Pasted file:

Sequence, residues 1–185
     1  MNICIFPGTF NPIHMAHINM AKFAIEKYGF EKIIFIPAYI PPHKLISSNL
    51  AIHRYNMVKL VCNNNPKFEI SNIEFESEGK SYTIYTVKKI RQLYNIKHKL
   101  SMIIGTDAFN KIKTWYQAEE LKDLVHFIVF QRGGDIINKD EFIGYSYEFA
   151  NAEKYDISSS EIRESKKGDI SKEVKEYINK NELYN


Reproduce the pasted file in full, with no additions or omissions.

Sequence, residues 1–185
     1  MNICIFPGTF NPIHMAHINM AKFAIEKYGF EKIIFIPAYI PPHKLISSNL
    51  AIHRYNMVKL VCNNNPKFEI SNIEFESEGK SYTIYTVKKI RQLYNIKHKL
   101  SMIIGTDAFN KIKTWYQAEE LKDLVHFIVF QRGGDIINKD EFIGYSYEFA
   151  NAEKYDISSS EIRESKKGDI SKEVKEYINK NELYN